It is important to emphasize that the surveyed populations in this study were only graduating students from senior high schools, which could not reflect the oral health status of the whole Tibetan people. Therefore, future oral epidemiology investigations should be done in Tibet, especially in the next national investigation.
Finally, proposed suggestions were based on the results above. The first suggestion is to strengthen the prevention of dental diseases. The healthcare personnel should be regularly educated and trained about oral hygiene and health. Their ability and enthusiasm on carrying out the work of oral health care for the Tibetans should be improved. In addition, school based oral health promotion to students should be implemented focusing on skill based learning and attitudes towards health  because providing appropriate oral health information from an early age within school education program appears necessary to enhance health literacy and lessen the inequalities in dental health . Thus, Tibetan people and their next generation will be aware of the importance of oral health much earlier. The second suggestion is to improve environment for diagnosis and treatment of dental diseases in medical institutions at all levels in Tibet. More dentists and assistants should be trained to work in plateau area so that more Tibetan people could obtain oral health services. It should be encouraged that more healthcare personnel go to rural areas to provide examination and treatment. With all these efforts the Tibetan people’s oral medical needs could be met in the near future.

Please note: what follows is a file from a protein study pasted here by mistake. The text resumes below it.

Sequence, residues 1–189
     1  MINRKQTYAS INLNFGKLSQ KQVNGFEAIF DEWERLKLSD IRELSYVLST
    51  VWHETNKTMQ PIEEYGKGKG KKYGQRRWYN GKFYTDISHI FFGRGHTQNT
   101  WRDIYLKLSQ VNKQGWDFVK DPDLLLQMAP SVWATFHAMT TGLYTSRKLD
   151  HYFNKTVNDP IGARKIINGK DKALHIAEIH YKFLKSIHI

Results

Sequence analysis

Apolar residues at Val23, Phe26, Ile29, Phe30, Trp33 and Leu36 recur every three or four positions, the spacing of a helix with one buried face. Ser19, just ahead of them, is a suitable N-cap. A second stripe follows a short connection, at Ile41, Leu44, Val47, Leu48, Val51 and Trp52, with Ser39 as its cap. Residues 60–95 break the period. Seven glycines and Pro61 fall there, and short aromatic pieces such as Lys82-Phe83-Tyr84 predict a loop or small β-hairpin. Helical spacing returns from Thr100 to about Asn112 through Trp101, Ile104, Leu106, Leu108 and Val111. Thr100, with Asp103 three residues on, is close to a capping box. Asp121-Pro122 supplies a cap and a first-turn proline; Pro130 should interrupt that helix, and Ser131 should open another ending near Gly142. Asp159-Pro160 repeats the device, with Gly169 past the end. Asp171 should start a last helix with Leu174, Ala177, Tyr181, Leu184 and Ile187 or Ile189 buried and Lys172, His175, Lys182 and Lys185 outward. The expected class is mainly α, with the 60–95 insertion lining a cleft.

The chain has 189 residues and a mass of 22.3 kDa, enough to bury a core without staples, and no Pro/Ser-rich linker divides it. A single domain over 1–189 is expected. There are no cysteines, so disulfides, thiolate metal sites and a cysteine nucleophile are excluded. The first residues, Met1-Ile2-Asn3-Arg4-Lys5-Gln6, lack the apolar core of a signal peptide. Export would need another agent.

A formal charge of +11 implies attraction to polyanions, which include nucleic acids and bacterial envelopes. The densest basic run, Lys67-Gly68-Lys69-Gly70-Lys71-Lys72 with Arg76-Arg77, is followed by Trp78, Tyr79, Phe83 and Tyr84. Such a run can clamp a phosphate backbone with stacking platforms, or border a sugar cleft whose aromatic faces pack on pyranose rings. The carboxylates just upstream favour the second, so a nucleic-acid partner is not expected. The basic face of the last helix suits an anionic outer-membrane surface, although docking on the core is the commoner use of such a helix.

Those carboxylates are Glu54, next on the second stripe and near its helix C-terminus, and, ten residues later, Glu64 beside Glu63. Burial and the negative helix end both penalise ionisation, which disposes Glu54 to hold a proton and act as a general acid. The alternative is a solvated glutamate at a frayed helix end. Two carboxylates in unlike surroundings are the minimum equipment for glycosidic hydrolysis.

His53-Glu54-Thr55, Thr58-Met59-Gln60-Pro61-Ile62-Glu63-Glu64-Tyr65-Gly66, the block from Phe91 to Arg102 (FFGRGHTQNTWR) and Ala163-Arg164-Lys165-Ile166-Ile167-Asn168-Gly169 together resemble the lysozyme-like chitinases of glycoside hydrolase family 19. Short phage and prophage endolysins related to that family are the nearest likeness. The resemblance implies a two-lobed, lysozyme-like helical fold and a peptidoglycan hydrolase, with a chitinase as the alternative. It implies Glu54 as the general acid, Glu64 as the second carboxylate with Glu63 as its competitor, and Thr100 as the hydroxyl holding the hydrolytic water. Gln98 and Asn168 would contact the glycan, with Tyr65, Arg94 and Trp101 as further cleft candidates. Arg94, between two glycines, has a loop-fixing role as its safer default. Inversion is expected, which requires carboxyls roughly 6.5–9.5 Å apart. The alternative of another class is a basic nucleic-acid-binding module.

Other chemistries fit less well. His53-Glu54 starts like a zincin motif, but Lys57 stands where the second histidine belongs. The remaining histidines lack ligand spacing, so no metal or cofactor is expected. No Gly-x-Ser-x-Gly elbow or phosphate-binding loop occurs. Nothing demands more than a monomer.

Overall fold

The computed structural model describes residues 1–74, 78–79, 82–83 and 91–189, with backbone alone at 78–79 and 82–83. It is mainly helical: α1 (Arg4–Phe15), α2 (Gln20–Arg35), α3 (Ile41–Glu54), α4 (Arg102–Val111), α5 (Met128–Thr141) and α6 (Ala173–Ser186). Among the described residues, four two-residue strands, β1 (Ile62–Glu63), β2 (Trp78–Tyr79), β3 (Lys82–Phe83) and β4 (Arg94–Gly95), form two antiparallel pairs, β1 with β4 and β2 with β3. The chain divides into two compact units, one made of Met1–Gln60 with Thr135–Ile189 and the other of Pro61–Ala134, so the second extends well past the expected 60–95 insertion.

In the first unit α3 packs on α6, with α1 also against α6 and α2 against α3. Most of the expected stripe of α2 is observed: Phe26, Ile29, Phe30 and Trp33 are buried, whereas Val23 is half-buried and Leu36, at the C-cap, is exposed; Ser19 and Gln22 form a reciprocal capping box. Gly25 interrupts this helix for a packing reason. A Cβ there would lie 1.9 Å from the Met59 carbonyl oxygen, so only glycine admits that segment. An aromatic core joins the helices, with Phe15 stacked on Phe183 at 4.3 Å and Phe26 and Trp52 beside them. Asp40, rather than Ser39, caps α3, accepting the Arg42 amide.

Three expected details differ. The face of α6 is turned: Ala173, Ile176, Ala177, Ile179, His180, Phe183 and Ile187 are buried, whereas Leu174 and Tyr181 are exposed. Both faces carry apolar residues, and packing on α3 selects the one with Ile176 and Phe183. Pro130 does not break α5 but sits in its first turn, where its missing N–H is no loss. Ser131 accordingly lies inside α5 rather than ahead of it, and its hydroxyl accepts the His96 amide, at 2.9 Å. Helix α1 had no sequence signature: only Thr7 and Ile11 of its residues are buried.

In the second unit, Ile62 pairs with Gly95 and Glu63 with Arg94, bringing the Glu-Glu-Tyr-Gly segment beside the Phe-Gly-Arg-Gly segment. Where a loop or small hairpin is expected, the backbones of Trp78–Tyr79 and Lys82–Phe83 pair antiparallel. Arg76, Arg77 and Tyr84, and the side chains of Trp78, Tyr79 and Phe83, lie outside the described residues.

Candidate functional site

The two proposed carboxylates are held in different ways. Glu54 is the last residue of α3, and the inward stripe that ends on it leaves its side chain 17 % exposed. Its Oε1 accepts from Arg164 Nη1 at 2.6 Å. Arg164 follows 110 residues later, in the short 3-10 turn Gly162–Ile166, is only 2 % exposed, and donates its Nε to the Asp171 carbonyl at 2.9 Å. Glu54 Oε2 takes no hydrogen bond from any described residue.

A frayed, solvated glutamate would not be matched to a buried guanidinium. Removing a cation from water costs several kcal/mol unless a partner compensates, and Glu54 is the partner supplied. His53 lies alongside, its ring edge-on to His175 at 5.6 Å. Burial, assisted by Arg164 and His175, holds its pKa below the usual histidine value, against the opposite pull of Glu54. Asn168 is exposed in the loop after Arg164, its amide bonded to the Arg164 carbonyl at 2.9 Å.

Overall, the strengthening of oral health promotion and disease prevention and treatment are urgently needed in Tibet. Although achieving international standards for health care in Tibet may take some time, it is important to press on and move forward.